Trusts and Estates Newsletter
Co-Ownership Myths - III
One of the most confusing aspects of estate planning is the numerous myths about co-ownership of property. Many people do not understand the differences between a tenancy in common and a joint tenancy with right of survivorship. Many people do not understand what a tenancy by the entirety is or was. Many people do not understand the differences between the common law forms of co-ownership and community property. More...
Trust Elements - A Settlor With Intent
A trust has five main elements. First, a settlor transfers some or all of his or her property. Second, the property transferred by the settlor is designated trust property. Third, the trust property designated by the settlor is transferred with the settlor's intent that it be managed by another. Fourth, the trust property designated by the settlor is transferred for management by a trustee. Fifth, the trust property designated by the settlor is managed by a trustee for the benefit of a beneficiary. More...
Medicaid is a needs-based (welfare) benefit program administered separately by each state, but funded in part by the federal government and in part by each state. A person qualifying for Medicaid is allowed to have only a minimal amount of assets, other than a home. Although each state may have certain differences in its particular Medicaid regulations, each must follow certain basic federal guidelines in order to be eligible for the federal subsidy. One of those guidelines is the waiting period imposed on a person who transfers assets and later applies for Medicaid benefits. More...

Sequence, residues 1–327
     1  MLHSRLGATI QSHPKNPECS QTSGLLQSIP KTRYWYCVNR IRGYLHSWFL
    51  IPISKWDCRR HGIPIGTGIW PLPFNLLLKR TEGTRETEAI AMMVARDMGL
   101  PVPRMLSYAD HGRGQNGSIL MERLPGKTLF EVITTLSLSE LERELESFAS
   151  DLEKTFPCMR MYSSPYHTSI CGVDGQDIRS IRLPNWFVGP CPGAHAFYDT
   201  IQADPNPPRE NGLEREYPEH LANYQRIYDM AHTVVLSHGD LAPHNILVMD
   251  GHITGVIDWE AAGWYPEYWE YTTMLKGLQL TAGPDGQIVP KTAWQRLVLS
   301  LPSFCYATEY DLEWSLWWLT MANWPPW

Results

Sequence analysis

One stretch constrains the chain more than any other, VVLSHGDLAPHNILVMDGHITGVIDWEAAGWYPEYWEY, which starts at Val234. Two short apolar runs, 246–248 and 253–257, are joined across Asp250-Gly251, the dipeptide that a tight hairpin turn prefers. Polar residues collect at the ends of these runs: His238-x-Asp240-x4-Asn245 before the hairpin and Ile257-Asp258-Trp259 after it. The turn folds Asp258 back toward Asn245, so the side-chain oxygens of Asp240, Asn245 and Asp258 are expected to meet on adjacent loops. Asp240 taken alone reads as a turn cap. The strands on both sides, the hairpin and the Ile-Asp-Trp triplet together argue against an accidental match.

This article discusses the legal requirements for an ordinary gift: donor competence, donor intent, donor delivery, donee acceptance, and appropriate documentation, if necessary. More...
Executors -- Steps Prior to Opening the Estate
The terms "executor," "administrator," and " personal representative" are all synonyms for someone who is legally responsible for managing the estate of a person who has died. The position of executor may be filled by a specific person named in the decedent's will or, if the decedent did not make a will, by someone whose relationship with the decedent makes him the legally responsible party (i.e., parent or spouse). The position can be refused. More...
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